We expect that our revenue and profitability will be very back end loaded this year given that our sapphire materials business will be in ramp up mode. As we indicated on our last call, we expect revenues in 2014 to range from $600 million to $800 million, with approximately 15% of the total revenues occurring in the first half of the year. We expect our sapphire segment to account for more than 80% of total revenue in 2014. The sapphire segment includes the company’s ASF equipment and materials businesses in the LED, industrial and consumer electronics markets.

Furnace Deliveries are Estimated at over 1,500 through 3/10/14

Kuo is estimating that the equivalent of 6 million sapphire cover screens, just for kicks I wanted to know how many active ASF furnaces it would take to produce 6 million sapphire cover screens.  The answer is roughly 50 ASF furnaces.  GT’s Sapphire Production and R&D facility in Salem, MA has over 80 ASF furnaces inside its 25,000 square foot walls.  The Mesa, AZ sapphire facility measures 1.3 million square feet or the equivalent of 56 of GT’s Salem facilities.  Needless to say Apple is not going to waste over $2b in cash to produce the equivalent of 6 million cover screens that could have been grown from GT’s Sapphire Production and R&D facility in Salem, MA.  Yet again, to put it simply Kuo’s sapphire prediction does not add up.

Since I love beating up others with facts, I want it to be known that the sapphire plant in Mesa went live with 140 tools (furnaces) on January 10th of 2014 within Module 1 of the Mesa sapphire plant, which measures just 12,500 square feet according to building permit records. I also want it to be known that by mid February GT had GT applied for a building permit to make changes to the medium voltage fuse to accommodate the tool load.  My point here is GT had already ramped up the Mesa sapphire plant production by the middle of February and given GT’s track record they could have all 1,600 furnaces online and growing sapphire by of March 2014 without a problem.  GT could supply 70 million iPhone 6 cover screens in 4 months or less with 1,600 furnaces active and growing sapphire.  Even if only 800 furnaces were active GT could still deliver enough sapphire cover screens to meet Kuo’s total estimated iPhone 6 sales in 2014. Yet again, to put it simply Kuo’s sapphire prediction does not add up.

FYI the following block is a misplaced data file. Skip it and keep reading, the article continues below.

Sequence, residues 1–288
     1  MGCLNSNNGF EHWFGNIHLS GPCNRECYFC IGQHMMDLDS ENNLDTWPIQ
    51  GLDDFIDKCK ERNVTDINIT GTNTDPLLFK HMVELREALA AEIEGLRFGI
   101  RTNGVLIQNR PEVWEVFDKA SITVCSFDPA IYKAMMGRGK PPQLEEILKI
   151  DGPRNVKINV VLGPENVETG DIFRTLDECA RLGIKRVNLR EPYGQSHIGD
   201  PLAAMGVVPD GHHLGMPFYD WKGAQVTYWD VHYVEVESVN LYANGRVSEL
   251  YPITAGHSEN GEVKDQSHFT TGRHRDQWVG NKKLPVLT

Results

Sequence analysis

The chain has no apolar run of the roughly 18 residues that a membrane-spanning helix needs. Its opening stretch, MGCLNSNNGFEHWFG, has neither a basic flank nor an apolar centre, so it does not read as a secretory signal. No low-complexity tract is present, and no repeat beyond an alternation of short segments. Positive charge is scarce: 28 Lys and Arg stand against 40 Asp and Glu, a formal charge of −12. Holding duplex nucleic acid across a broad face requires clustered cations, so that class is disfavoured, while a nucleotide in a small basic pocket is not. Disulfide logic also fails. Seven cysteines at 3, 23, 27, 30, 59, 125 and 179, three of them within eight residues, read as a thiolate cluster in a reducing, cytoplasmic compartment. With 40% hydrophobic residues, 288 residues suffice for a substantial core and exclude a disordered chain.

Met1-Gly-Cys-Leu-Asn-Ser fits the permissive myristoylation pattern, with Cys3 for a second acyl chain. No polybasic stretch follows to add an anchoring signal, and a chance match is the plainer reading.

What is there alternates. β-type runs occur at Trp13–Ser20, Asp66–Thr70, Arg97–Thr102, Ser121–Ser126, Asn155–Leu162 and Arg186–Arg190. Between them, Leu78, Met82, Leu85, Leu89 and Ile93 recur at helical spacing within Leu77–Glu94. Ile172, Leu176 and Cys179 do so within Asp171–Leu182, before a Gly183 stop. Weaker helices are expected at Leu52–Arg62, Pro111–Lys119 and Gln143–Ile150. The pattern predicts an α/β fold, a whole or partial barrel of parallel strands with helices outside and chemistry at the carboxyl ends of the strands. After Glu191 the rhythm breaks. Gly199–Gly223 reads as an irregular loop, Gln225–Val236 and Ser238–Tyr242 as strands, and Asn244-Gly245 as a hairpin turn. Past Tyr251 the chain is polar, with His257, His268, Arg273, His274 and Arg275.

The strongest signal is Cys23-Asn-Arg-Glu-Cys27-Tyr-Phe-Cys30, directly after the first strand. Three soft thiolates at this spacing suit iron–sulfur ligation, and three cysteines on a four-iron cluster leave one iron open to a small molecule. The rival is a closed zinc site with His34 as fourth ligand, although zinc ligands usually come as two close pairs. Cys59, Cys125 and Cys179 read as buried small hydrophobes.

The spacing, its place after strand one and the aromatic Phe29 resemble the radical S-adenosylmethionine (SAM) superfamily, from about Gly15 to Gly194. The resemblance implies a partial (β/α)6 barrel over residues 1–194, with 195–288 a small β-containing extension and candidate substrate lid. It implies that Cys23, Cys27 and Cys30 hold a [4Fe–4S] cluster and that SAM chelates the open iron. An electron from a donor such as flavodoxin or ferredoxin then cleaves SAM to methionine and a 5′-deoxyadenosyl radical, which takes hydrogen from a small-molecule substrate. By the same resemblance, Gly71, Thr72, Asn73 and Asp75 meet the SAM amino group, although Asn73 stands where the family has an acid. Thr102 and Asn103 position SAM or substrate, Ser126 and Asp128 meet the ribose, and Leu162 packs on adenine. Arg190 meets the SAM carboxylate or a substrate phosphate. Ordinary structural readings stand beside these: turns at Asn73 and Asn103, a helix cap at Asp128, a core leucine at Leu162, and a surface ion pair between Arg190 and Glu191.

Larger Form Factor Equals More Scratched, Cracked and Broken Gorilla Glass Screens on Apple’s Devices

Perhaps the biggest issue being ignored by Kuo is why on earth would Apple introduce larger iPhones without changing the cover glass material from Gorilla Glass to sapphire crystal?  One in four Apple iPhone owners are already walking around with a cracked or shattered screen and increasing the size of the display will only lead to more breaking and shattering of iPhone 6 displays made out of Gorilla Glass.  Perhaps a comment from GT’s CEO Tom Gutierrez on this topic might be a little more convincing!

Well, quite honestly, the problem doesn’t change with form factor. The screens, the bigger they’ve gotten, the more prone to breaking and cracking and scratching they are. But honestly, because the larger form factors you stick in your pocket, you don’t hold out. And so our view is the form factor doesn’t change anything. The form factors that we know of, that are being considered by the OEMs that we’re talking to, are inside the range that can be accessed by the technology, both on the fabrication side that’s being developed, as well as our growth technologies. If — one thing probably, as they get bigger, our growth technology probably has preferential treatment because of the form factor of our boules relative to some of the other technologies that are out there. So we’re comfortable. Nothing that’s happening in the marketplace is diminishing our opportunity. In fact, it’s just the opposite.  (Seeking Alpha GTAT Q4 2012 Conference Call)

CEO Tom Gutierrez  made is very clear in the statement above that the larger the form factor (size of the phone) the more prone (Gorilla Glass) will be to breaking, cracking and scratching.  Gutierrez also believes that the focus on larger screens will only increase GT’s market opportunity.  Kuo has completely disregarded customer satisfaction or lack there of, that would result, if Apple introduced larger screens with Gorilla Glass that were even more susceptible to breaking, cracking and scratching.   Yet again, to put it simply Kuo’s sapphire prediction does not add up.